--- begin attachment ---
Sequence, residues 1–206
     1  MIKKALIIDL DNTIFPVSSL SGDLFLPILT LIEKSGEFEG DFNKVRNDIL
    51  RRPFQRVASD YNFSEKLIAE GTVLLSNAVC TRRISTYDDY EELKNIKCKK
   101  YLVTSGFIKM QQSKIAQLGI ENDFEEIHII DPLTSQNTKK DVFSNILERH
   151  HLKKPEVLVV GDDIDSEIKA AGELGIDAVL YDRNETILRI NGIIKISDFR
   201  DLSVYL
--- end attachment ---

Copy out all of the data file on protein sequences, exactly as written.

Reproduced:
Sequence, residues 1–206
     1  MIKKALIIDL DNTIFPVSSL SGDLFLPILT LIEKSGEFEG DFNKVRNDIL
    51  RRPFQRVASD YNFSEKLIAE GTVLLSNAVC TRRISTYDDY EELKNIKCKK
   101  YLVTSGFIKM QQSKIAQLGI ENDFEEIHII DPLTSQNTKK DVFSNILERH
   151  HLKKPEVLVV GDDIDSEIKA AGELGIDAVL YDRNETILRI NGIIKISDFR
   201  DLSVYL